Here we have more art from First Nations artists. There is a rich, vibrant energy to these works.
Quebec and its place in Canada is the next thematic area. In 1967, Charles de Gaulle, the self proclaimed liberator of France, general, president, and narcissistic arrogant egotistical blowhard came to Canada, made a speech and proclaimed, "Vive le Quebec libre" to a crowd outside. It contributed to a nationalist sentiment growing in the province. A real asshole sort of thing to do, frankly, but that term pretty much defined de Gaulle.
In my personal opinion, Charlie didn't do anything during the Second World War that no one else in the Free French could have managed, and it might have been better for history had some German sniper taken him out in 1940.
The sovereignty movement in Quebec has ebbed and flowed over the years. There have been two separation referendums, both of which were narrowly contested, in 1980 and in 1995.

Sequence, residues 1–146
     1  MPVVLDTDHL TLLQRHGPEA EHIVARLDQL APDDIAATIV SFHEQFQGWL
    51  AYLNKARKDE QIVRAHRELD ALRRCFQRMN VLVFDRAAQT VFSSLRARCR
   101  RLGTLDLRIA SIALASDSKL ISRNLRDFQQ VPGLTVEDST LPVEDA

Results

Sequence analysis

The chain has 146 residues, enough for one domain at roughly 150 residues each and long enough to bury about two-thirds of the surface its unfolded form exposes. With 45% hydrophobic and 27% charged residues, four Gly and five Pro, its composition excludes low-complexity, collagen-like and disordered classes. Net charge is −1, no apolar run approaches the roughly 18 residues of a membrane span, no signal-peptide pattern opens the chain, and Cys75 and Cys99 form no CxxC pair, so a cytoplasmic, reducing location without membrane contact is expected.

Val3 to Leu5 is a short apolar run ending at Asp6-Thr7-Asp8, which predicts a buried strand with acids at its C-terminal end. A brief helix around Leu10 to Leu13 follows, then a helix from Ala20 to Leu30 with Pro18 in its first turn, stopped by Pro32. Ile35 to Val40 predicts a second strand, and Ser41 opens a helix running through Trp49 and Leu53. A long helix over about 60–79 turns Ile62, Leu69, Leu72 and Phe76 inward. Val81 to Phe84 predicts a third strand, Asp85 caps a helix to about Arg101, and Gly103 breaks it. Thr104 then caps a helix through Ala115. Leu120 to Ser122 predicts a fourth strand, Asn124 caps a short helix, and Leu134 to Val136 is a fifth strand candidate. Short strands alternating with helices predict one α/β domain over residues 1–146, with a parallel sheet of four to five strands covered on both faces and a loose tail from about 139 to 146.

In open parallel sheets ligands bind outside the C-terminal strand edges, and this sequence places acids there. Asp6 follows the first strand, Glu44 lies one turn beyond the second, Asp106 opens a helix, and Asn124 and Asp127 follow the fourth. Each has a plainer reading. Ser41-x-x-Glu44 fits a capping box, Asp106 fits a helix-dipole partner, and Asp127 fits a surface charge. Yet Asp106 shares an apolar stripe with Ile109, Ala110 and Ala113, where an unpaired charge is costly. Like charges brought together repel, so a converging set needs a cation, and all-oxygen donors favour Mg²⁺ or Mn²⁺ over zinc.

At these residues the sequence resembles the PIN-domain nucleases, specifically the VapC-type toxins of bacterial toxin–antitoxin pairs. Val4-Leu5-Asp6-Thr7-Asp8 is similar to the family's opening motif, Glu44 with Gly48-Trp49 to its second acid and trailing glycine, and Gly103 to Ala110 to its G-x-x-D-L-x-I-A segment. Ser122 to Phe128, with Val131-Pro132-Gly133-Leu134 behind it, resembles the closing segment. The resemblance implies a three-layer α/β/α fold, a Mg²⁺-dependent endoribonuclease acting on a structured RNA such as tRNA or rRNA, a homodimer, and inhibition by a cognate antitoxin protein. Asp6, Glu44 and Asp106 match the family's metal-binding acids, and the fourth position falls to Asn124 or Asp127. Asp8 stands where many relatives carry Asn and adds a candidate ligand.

Prime Minister Pierre Trudeau led the No side in 1980. Books by Trudeau are here, below a screen. A speech given at the time is here, paused at times for remarks from the leader of the Yes side.
His opponent was the premier of Quebec and leader of the Parti Quebecois, Rene Levesque, seen here giving remarks in the legislature. The effect of the two video recordings going back and forth has the feel of a debate between two leaders, in two different places.
In 1995, the Parti Quebecois was back in power, led by Jacques Parizeau, with allies in Ottawa under Lucien Bouchard, the leader of the sovereignist Bloq Quebecois. Another referendum was called for.
The No side was led by Quebec Liberal leader Daniel Johnson, bolstered by the federal government of Jean Chretien.
Two marionettes are here. This is Parizeau.
And this is Chretien.
More tomorrow. If you don't hear from me, assume I've been strangled to death by the vengeful ghost of Charles de Gaulle.